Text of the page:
When it comes to the most effective ways of dealing with counterfeiting in China, brand owners should look no further than the tried and tested methods adopted by their peers – both large and small
Joseph T Simone

Evicting the cybersquatters

By all indications, 2007 was the worst year ever for cybersquatting, but while the popularity of ‘tasting’ and ‘kiting’ creates new challenges for brand owners, IP counsel at Time Warner and Dell are leading the way in fighting back
Darren T Olivier

A solution to the EU jurisdiction conundrum?

A recent Austrian court ruling may resolve a troubling jurisdictional issue that has perplexed commentators and CTM owners alike, helping the latter to enforce their rights against infringements in the European Union by several defendants located both inside and outside the European Union
Hans Georg Zeiner

Landlord liability and the city

New York City mayor Michael Bloomberg's administration has begun an anti-counterfeiting initiative based upon the legal theory of landlord liability. Many applaud the approach; however, others question whether the initiative merely pushes the counterfeit trade to new locations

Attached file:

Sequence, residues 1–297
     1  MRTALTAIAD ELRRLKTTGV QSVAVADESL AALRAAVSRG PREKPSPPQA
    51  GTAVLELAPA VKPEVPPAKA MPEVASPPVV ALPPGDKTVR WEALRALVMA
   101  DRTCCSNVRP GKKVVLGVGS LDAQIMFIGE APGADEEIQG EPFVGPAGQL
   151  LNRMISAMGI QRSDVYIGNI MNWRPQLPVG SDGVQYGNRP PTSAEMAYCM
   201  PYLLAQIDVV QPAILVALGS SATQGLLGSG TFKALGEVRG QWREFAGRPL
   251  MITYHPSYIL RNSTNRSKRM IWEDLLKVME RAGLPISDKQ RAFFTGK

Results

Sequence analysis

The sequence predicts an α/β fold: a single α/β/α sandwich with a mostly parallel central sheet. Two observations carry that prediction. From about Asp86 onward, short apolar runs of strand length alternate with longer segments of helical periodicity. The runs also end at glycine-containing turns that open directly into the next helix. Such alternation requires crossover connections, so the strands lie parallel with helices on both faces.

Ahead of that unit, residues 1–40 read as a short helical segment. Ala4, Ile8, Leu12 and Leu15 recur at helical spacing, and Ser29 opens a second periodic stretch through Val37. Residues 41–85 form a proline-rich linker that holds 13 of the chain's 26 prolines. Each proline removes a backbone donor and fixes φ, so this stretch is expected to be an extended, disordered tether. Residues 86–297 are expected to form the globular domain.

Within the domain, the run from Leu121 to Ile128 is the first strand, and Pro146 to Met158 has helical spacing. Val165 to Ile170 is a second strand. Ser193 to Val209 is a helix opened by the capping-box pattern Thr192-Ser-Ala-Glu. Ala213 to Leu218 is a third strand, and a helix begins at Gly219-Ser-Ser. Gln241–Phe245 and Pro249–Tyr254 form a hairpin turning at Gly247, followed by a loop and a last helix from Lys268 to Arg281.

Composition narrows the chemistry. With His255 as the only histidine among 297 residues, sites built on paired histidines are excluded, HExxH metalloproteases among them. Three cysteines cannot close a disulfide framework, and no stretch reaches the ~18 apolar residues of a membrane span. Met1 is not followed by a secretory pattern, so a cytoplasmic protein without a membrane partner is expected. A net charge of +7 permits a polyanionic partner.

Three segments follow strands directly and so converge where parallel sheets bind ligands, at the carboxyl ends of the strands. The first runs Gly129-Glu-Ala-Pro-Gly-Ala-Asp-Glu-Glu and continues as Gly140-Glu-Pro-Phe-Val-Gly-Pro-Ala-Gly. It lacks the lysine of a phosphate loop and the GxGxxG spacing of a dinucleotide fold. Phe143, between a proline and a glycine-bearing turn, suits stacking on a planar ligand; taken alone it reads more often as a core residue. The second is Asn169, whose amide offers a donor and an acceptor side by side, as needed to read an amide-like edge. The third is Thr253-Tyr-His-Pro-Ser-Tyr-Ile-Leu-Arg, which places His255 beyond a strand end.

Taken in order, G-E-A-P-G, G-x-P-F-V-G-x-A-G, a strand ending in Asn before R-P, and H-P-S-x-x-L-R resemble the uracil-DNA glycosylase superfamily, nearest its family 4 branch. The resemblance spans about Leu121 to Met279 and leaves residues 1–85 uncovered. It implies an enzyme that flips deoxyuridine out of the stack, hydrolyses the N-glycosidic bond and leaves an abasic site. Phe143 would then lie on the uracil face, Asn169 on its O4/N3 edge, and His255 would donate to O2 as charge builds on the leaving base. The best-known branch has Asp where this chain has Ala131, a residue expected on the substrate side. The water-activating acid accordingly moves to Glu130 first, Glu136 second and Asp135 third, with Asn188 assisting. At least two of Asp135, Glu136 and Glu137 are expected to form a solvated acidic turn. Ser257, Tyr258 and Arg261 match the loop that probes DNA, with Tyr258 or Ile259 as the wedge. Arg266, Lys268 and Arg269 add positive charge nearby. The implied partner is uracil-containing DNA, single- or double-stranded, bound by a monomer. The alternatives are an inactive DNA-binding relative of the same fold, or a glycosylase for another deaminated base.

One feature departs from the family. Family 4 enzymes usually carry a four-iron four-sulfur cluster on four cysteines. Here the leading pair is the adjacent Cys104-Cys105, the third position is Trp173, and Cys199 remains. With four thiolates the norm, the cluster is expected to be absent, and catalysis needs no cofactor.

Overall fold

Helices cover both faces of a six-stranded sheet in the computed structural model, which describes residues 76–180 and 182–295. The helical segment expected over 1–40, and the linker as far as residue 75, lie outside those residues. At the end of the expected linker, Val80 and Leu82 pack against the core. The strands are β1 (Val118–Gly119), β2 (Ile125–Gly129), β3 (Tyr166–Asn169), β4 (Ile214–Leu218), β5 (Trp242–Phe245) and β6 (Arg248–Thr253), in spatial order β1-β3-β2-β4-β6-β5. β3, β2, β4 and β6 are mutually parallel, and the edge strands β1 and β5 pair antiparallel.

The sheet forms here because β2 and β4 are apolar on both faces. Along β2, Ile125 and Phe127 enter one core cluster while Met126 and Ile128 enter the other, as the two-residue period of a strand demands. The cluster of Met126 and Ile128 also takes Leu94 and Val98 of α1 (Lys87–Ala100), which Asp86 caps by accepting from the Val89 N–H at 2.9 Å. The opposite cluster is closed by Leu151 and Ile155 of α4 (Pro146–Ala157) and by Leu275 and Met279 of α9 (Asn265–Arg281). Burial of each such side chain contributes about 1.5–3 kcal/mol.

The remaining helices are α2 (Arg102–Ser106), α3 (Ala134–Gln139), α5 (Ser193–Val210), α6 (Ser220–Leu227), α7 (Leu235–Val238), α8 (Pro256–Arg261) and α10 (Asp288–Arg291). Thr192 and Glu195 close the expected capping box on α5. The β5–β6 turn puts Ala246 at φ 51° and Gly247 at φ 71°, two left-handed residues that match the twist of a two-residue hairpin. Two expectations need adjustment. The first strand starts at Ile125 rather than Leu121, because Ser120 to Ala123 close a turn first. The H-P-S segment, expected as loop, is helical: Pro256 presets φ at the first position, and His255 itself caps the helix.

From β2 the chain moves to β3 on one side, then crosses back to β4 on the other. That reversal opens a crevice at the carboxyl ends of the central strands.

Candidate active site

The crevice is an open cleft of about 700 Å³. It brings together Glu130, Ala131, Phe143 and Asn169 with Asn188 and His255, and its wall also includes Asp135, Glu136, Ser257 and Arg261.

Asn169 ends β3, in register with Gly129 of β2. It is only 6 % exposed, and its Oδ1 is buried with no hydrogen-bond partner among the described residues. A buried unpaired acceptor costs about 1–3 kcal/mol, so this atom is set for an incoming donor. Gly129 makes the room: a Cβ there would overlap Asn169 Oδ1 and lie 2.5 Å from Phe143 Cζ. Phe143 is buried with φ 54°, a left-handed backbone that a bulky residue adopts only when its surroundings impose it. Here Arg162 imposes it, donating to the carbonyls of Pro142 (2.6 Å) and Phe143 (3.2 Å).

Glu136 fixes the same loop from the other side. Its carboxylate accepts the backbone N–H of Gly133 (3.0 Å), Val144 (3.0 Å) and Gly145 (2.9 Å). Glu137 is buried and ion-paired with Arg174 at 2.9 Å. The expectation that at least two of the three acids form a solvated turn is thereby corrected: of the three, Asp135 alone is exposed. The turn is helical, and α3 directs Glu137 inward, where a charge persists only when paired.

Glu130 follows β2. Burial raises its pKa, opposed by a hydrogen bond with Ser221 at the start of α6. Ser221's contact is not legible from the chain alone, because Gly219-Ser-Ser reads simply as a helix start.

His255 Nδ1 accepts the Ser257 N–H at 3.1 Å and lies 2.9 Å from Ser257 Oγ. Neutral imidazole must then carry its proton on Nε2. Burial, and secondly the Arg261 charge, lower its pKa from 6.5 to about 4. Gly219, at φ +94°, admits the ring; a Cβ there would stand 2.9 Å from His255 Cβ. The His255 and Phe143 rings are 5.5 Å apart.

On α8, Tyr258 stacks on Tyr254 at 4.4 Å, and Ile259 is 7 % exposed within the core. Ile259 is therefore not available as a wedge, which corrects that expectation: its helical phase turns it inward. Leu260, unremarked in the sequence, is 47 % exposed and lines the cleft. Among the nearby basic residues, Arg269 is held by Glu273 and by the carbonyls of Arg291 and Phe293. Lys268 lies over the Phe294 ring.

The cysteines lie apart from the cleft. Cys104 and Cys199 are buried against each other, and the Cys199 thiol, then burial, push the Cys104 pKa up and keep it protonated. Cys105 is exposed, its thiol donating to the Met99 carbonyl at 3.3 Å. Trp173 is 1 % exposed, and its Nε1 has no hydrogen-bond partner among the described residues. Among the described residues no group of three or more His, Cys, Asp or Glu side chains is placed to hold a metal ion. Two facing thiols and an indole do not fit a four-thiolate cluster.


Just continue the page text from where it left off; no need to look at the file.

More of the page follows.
G Roxanne Elings

News

Columns

Brands from the frontline
Famous and well-known marks: the challenges of protection

The owners of ‘well-known’ or ‘famous’ marks can benefit from cross-border protection, but far more needs to be done to harmonize the international principles behind these doctrines
Frederick Mostert
Richemont
and Silvia Beltrametti

Trademark management
Maintaining brand integrity in the marketplace

Vigilance on the part of trademark owners is vital to ensuring that a trademark’s goodwill is not exploited or damaged. This column explores the ways in which brand owners can stop unlawful actions and protect brand integrity